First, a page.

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Wie das Wort Bibliothekar auf chinesisch geschrieben wird

Xi Chen zeigt in dem folgenden Video, wie das Wort Bibliothekar bzw. Bibliothekarin mit chinesischen Schriftzeichen geschrieben wird und wie die korrekte Aussprache lautet.


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Von John Dolan

Library Camp 2011 took place in Birmingham, England on 8 October – like a spontaneous outburst of thinking and enthusiasm. Though termed an “unconference” it was in fact a well-organised, lightly structured event of 173 participants (2 didn’t make it on the day)!

Jo McCausland (@libraryjmac) was inspired by a Local Government Camp a year earlier to set this up: a good venue; email and twitter announcements; Sponsorship (essential if admission is free and not easy to find at present!). It was fully booked online in 21 hours – yes!

There was a fantastic mix of library and information practitioners from all backgrounds plus people active in related fields like theatre and media. After (yes) everyone introduced themselves (who I am; why I’m here) people “pitched” to lead a session on a subject of their choice.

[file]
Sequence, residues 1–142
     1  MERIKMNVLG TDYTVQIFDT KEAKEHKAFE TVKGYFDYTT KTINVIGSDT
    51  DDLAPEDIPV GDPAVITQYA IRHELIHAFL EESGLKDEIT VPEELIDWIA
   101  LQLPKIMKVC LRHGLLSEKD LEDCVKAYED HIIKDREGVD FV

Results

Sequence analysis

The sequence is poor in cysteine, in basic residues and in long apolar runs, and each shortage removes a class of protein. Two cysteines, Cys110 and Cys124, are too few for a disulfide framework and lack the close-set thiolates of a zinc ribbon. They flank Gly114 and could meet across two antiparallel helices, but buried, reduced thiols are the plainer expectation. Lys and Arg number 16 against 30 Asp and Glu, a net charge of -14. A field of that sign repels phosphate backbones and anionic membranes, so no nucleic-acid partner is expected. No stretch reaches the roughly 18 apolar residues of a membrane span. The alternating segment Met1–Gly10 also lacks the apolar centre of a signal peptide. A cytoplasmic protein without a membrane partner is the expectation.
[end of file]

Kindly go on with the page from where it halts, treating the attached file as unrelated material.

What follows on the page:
With 45 minutes for each session across 7 rooms there were 35 discussion groups through the day with multiple additional chances to network and make friends. Everything from the day is on the web.

There will surely be a #libcampuk 2012!

Worth mentioning that after an early humourous reference to cake many – many! – people brought cake to share. Look at the pictures!

Some of the sessions I attended or found the notes and links valuable include the following:

Transition: There is little investment in managing the transition between school and university. Learners are rarely able to transfer skills from one stage in education to the next; how librarians can help teachers and learners provide continuity so each stage in education builds on the previous. This applies to all stages in the education system. Librarians can work with teachers and students at all stages of education, avoiding waste and gaining more. Above all, embed the learning skills into the curriculum; learning skills are not “an extra” they are essential to education: http://intothehobbithole.blogspot.com/2011/10/libcampuk11-session-1-managing.html

Several areas of innovation discussions included Games and Gamification, Mobile apps (maybe more questions than answers but useful links), libraries without buildings, creative commons, open-source software, representing the most incredible opportunity for strategic library cooperation. A session on library philosophy reminds us of the many reasons we are here.

A Special Collections session was interesting. Early in the notes they referred to the fate of special collections as seeming like a private resource for the few. Much of the session was therefore about increasing accessibility. This was a key issue for me and a key purpose of creating the Library of Birmingham: http://www.birmingham.gov.uk/lob. Immense special collections are unknown to most but the expert; but it’s not just about display it is about actively interpreting their relevance in a modern diverse city community and projecting those collections globally.